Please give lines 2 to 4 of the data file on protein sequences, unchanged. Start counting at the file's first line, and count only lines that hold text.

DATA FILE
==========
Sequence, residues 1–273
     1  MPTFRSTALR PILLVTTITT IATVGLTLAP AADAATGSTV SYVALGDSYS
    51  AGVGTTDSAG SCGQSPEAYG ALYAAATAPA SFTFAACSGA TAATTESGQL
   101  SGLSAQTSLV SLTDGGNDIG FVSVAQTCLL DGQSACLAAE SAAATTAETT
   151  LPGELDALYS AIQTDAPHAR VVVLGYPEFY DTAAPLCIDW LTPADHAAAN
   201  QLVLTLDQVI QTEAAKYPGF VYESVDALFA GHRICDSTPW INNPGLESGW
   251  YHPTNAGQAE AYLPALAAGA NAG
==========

     1  MPTFRSTALR PILLVTTITT IATVGLTLAP AADAATGSTV SYVALGDSYS
    51  AGVGTTDSAG SCGQSPEAYG ALYAAATAPA SFTFAACSGA TAATTESGQL
   101  SGLSAQTSLV SLTDGGNDIG FVSVAQTCLL DGQSACLAAE SAAATTAETT